The phone is paired with a MediaTek Helio A25 CPU and 4 gigs of RAM, and the experience Teracube squeezed in its hardware doesn’t say much about the prospects of using this product in the years to come. 2e actively performs the most basic tasks. It can take a few seconds to open the app, and even typing is annoying. If you move your thumb at full speed, your phone won’t register the text you tapped. Gboard’s auto-correction does a great job of making up for this, but I found it naturally and intentionally slow to avoid typos that don’t happen on other phones. The UI doesn’t even render at the standard frame rate. In testing, the 2e vibrated between 54 and 55 frames per second.

Navigating the stock launcher is also disappointing. You can open the notification window by swiping down on the home screen, but you can only open it through a blank space. When your finger starts on an app icon, folder, or widget, the window does not open. Embarrassingly, swipe left or right to move between home screens. not When your finger moves over the icon or widget, it opens the notification window. Why?

The battery life is at least completely sufficient. On a 4,000mAh cell per day, I was able to cut 7 hours of screen time and 6 hours lighter in 2 days.

camera

It’s hard to get the phone wrong inexpensively because 2e is too expensive for the picture quality. You won’t get objectively good photos with something much cheaper than the Pixel 4a, which costs almost twice as much. That said, the camera performance of both sensors is average at best for phones of this class. The photo is pretty blurry, the dynamic range is poor, and the colors are usually faded.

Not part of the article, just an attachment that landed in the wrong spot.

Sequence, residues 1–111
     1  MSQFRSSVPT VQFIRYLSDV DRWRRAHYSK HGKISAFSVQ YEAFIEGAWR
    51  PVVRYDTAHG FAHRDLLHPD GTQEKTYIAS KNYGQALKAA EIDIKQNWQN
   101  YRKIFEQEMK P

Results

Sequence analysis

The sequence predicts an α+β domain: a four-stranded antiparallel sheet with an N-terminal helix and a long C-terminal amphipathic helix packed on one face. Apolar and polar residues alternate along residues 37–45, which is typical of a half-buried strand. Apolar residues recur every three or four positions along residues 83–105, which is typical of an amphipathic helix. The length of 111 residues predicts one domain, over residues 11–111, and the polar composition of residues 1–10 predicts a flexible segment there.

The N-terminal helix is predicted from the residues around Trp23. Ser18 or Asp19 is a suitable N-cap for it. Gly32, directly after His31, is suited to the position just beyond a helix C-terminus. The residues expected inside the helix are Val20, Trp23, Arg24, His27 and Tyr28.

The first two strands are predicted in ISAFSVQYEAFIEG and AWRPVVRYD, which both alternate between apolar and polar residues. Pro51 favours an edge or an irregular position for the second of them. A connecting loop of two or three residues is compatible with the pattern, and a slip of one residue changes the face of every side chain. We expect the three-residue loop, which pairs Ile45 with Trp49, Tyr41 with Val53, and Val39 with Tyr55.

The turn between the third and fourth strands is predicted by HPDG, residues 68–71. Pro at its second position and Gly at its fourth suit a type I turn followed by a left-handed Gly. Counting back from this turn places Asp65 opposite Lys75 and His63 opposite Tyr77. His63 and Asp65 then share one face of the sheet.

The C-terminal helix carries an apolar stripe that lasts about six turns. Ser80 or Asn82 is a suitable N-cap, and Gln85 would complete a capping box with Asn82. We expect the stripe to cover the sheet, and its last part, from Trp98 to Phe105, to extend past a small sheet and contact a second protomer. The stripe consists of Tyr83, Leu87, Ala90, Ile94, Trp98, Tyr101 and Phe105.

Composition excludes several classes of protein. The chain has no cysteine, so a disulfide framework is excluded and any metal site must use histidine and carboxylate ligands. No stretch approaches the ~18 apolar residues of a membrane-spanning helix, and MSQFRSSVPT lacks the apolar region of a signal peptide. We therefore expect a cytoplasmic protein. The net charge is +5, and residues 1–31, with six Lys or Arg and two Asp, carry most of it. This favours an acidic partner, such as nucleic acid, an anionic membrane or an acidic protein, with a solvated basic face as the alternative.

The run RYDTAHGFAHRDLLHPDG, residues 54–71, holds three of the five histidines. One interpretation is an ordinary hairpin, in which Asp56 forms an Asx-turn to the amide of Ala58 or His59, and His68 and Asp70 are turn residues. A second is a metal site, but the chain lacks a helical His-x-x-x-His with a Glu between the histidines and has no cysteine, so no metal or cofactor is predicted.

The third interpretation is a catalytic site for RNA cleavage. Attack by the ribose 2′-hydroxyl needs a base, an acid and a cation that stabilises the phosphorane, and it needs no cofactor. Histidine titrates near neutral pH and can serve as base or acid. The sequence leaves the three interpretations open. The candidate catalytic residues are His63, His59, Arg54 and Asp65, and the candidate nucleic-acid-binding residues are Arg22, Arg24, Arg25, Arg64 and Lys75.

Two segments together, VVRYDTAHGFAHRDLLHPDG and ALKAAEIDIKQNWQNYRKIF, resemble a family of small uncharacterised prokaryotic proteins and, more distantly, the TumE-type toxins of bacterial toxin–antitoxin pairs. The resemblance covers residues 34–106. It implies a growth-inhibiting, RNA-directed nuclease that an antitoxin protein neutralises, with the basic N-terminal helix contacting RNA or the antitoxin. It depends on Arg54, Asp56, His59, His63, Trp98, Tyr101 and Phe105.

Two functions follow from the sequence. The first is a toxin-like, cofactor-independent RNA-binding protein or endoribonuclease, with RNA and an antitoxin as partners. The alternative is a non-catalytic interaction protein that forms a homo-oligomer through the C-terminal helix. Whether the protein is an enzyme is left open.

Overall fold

Focus is also an issue. In the first shot above, I tried for a few minutes to get 2e to polish my dog, but it completely refused.

Should I buy it?

I won’t.

Sustainability is important. The materials from which we make electronics are limited, burdening the harvest, and most methods of disposal are not very good. So, at least in theory, it’s encouraging for companies to try to solve these problems. The Teracube 2e comes with a 4-year warranty, is made from recycled materials, is easy to repair, and the battery can be replaced without any technical knowledge. how. It also comes in a clean Spartan packaging with a biodegradable protective case. These are all objectively good.

But in order to have the hope of lasting 3-4 years, the phone Really It’s sturdy when released and the Teracube 2e isn’t. Making ultra-low-budget devices is the opposite of longevity. The 2e feels like the phone of 2015 today. In 2025, even if you have a new battery and Teracube can deliver on its promise, it will be excruciating to try it out. Three years of software updates (claimed serious doubts in light of 2e’s low-rent MediaTek chipset).

If Teracube had built a $499 or $599 phone with the same spirit: a 1080p display, 6 gigs of RAM, a mid-range Snapdragon chipset, it was still easy to repair and had a long warranty. I think it’ll be on something. However, this $199 phone is one-off at the border and is not eco-friendly. It feels dishonorable to place it that way. If you want to take on your role, then your phone will Actually for 4 years And make the most of it.

Buy it if:

  • We are eager to experiment with the environment where we live with little money.
  • I plan to recycle my next phone in a year and I want to feel better.

Do not buy if:

  • Literally every aspect of a smartphone is more important than a replaceable battery.
  • You can buy a Pixel 4a or Samsung Galaxy A series phone, both of which are guaranteed to have long software support.

Where to buy: